I’m working on a paper about epistemic possibility, and I need some help. Can someone tell me what epistemic possibility is? (This is a trick question.) To show why this is puzzling, here is a ‘problem case’:
S, a person of ordinary mathematical abilities, performs a complex mathematical calculation, which leads to a certain mathematical claim, P. S and I then have the following dialogue:
Me: That was a pretty difficult calculation, and you’ve made mistakes before. Could you be wrong about P?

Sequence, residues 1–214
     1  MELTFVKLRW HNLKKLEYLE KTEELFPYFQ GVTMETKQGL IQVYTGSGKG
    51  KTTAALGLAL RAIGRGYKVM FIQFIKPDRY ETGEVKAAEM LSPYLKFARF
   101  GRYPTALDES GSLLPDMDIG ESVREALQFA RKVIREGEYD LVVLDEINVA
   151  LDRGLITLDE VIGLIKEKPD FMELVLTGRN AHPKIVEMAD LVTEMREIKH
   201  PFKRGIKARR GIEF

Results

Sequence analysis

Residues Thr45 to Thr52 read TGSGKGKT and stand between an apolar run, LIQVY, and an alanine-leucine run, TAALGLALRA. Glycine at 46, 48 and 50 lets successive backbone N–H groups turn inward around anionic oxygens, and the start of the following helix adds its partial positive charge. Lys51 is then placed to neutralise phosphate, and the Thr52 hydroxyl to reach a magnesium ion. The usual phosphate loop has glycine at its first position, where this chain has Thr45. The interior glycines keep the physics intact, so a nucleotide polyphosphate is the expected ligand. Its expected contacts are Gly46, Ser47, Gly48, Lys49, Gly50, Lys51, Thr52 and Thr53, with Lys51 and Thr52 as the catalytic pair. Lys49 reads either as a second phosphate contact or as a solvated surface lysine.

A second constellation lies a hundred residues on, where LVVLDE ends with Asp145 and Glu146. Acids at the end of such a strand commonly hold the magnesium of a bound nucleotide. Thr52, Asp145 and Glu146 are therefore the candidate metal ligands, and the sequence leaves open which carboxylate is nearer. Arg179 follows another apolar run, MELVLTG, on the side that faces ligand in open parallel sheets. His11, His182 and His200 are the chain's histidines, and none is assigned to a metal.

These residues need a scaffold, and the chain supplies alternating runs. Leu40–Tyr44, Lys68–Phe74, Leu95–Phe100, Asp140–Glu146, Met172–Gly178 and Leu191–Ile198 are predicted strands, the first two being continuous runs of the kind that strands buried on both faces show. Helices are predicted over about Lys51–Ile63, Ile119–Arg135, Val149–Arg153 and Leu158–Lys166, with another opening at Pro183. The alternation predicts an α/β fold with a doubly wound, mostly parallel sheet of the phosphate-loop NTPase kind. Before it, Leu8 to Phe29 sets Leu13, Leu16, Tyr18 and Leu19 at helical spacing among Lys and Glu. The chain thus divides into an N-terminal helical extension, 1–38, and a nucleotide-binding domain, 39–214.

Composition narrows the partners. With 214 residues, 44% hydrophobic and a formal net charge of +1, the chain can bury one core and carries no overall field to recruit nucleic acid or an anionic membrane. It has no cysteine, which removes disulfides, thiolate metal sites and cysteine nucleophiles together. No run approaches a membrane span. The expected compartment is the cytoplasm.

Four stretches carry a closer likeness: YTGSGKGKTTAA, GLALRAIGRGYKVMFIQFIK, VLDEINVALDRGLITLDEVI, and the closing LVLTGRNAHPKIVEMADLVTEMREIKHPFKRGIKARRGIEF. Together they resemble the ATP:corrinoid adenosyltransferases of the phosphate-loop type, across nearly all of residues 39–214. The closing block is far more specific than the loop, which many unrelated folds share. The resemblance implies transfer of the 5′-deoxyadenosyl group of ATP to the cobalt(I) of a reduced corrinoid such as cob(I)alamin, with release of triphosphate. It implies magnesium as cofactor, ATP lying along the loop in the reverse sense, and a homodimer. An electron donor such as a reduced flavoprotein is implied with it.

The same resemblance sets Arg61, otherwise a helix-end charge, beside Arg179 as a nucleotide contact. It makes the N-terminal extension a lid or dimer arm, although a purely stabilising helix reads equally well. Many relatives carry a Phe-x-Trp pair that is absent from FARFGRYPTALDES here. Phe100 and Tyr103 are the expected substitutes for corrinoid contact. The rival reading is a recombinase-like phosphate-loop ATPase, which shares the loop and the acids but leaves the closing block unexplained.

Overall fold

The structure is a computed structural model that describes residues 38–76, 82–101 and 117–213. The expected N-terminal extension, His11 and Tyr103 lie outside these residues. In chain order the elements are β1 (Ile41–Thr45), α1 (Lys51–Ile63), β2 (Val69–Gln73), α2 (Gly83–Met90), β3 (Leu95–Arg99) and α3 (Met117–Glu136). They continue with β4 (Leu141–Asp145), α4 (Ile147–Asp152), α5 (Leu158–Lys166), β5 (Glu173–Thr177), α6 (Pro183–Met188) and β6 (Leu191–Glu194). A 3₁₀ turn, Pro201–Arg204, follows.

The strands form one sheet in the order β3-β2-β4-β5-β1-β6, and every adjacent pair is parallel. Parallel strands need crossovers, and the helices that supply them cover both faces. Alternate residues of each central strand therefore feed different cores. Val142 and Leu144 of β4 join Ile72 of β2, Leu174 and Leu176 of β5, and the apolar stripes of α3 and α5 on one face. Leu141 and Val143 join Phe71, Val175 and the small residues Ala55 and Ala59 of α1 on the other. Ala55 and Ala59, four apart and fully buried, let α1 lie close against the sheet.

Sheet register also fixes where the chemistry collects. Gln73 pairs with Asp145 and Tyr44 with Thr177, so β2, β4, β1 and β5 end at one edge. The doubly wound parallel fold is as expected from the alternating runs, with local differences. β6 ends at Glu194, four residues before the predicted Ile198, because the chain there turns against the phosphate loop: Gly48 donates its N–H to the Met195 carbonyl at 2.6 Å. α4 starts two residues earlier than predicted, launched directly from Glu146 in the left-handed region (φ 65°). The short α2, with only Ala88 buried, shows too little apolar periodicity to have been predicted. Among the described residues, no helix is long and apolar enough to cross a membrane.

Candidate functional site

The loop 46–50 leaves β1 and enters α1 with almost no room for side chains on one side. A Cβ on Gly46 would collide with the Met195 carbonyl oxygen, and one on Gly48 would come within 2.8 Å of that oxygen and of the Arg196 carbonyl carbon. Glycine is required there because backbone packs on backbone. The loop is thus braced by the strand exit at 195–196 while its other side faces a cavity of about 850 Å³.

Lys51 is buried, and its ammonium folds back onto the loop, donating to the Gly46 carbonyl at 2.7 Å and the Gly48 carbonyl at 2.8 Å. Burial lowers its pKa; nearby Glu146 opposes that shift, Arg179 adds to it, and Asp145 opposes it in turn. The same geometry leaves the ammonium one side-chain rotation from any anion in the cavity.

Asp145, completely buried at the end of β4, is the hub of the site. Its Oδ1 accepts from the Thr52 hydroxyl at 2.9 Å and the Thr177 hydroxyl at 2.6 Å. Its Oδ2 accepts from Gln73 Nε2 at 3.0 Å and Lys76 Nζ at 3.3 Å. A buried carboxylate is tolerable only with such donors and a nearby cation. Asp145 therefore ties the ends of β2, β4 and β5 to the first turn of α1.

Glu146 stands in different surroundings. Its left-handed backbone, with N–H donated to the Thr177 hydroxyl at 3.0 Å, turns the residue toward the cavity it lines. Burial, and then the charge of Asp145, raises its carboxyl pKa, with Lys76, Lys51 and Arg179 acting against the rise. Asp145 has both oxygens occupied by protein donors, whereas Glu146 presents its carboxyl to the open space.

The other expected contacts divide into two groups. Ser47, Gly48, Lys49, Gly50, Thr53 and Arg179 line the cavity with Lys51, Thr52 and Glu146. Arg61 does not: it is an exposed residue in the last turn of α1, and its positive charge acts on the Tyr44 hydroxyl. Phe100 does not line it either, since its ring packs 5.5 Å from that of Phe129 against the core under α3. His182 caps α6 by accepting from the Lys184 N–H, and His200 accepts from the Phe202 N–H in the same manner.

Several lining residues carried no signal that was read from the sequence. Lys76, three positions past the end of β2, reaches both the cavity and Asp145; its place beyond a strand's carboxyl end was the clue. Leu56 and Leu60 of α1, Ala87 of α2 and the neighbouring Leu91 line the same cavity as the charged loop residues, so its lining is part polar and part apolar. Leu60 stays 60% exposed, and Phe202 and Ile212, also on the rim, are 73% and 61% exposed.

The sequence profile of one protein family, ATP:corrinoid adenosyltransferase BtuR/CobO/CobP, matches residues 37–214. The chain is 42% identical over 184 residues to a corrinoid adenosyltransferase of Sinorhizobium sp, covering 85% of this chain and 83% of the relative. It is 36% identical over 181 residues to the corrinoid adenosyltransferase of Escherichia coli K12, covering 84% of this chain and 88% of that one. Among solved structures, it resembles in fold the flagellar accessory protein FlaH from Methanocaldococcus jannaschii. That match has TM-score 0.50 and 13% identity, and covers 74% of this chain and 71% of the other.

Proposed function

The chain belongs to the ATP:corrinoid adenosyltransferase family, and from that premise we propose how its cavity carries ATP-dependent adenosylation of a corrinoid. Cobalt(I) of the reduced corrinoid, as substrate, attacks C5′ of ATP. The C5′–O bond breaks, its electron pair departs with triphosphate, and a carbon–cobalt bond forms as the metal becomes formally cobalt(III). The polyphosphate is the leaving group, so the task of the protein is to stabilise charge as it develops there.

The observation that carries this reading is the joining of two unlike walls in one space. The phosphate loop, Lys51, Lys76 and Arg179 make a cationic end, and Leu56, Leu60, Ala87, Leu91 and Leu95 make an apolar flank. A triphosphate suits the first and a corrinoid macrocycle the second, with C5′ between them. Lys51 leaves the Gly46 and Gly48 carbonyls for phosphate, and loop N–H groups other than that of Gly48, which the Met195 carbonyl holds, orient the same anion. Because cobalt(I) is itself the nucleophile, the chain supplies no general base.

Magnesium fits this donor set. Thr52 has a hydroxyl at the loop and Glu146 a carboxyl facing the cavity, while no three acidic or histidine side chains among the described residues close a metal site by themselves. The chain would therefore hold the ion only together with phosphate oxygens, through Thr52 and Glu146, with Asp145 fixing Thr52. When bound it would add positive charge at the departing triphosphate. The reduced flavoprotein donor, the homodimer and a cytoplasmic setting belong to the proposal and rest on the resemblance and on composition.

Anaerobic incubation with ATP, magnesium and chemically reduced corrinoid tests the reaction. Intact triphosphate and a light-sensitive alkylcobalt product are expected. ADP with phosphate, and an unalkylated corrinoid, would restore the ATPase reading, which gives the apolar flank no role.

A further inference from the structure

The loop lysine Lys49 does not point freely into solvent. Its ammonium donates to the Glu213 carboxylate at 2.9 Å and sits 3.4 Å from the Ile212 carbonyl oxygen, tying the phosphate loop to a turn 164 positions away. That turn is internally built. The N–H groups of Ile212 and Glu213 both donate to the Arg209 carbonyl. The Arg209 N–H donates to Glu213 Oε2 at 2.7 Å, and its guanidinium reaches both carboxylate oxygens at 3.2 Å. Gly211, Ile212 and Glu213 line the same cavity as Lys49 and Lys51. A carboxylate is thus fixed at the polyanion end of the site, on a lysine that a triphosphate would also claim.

S: Yes. I could be wrong in thinking that P.
S speaks wisely here. But, if P is true, it is necessary in (what is usually called) the strongest sense: logical necessity. So in what sense could S be wrong? Well, it’s epistemically possible that S is wrong: yes, but how is that to be interpreted, such that it yields a kind of possibility broader than logical possibility?